• Big (pig) data and the internet of the swine things: a new paradigm in the industry

    Piñeiro, Carlos; Morales, Joaquín; Rodríguez, María; Aparicio, María; Garcia Manzanilla, Edgar; Koketsu, Yuzo (Oxford University Press (OUP), 2019-04-11)
    Implications • Big data collected on farms can be transformed into useful information to improve decision making and maximize productivity. A swine management system consisting of tools (software and devices), with a protocol and standard operative procedures, can generate the necessary information for the decision-making process. • New technologies such as electronic feeders and artificial intelligence systems capturing big data will provide a better understanding of animal requirements and behavior, increasing efficiency and sustainability. • Biosecurity can be improved using tracking devices for farm staff, recording movements real-time to decrease disease risks and consequently, improve health and productive performance.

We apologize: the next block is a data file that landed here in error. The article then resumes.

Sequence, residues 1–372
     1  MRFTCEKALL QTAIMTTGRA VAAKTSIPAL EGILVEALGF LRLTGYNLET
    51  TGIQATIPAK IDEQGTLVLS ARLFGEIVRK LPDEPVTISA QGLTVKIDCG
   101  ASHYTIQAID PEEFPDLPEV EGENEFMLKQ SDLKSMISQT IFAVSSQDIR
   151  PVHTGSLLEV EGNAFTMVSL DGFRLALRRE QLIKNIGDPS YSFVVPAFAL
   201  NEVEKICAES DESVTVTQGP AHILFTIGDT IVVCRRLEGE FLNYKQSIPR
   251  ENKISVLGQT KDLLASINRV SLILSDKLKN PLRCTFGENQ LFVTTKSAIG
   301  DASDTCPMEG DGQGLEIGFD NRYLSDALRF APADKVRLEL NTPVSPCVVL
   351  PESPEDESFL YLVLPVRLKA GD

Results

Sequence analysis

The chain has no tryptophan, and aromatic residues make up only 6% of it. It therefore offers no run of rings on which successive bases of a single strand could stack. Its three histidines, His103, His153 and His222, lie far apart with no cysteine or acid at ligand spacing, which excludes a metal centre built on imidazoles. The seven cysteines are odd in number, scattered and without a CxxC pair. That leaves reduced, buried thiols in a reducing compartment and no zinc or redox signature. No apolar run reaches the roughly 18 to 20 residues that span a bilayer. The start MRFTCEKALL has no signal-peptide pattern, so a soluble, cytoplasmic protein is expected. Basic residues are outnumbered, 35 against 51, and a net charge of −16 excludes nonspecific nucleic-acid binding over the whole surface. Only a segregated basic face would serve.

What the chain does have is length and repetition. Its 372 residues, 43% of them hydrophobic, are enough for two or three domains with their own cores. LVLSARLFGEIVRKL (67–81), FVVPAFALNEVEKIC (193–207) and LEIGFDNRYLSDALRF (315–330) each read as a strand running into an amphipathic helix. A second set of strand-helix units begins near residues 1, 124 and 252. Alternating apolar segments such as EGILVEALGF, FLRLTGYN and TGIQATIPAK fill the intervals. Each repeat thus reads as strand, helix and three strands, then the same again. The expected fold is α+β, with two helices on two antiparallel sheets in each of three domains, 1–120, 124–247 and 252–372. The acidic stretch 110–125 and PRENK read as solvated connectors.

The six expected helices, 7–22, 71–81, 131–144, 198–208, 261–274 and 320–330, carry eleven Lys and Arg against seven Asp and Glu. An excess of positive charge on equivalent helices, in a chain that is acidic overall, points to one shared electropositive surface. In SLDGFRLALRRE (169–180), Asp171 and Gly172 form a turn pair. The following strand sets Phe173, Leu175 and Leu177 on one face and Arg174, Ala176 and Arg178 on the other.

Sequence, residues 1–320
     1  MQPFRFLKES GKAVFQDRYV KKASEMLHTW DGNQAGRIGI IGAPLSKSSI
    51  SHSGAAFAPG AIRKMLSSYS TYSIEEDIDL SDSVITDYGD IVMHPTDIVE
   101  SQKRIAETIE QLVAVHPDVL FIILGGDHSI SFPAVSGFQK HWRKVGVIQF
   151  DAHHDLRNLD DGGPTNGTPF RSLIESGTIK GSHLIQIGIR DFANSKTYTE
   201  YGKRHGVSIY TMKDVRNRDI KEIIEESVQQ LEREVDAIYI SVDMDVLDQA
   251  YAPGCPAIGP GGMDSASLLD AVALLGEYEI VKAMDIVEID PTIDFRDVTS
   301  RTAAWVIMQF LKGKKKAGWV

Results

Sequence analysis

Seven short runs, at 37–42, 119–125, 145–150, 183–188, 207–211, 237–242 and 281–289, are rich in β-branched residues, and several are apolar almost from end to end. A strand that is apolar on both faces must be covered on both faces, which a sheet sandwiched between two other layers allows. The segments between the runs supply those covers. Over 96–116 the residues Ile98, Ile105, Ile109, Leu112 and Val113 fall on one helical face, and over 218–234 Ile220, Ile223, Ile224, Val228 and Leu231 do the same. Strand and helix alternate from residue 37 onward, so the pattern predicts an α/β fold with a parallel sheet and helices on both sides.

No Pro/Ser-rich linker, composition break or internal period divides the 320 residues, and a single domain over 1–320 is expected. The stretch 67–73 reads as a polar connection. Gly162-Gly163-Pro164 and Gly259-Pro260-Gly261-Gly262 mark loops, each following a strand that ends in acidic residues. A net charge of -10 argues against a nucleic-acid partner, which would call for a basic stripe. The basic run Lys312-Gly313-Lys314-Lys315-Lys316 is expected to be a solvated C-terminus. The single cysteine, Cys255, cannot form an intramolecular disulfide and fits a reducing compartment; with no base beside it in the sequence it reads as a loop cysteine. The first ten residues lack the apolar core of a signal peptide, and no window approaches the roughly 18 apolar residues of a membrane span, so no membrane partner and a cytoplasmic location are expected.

• Feed and production efficiency of young crossbred beef cattle stratified on a terminal total merit index1

    Kelly, David N; Conroy, Stephen B; Murphy, Craig P; Sleator, Roy D; Berry, Donagh; Department of Agriculture, Food and the Marine; Science Foundation Ireland; 17/S/235; 16/RC/3835 (Oxford University Press (OUP), 2020-07-01)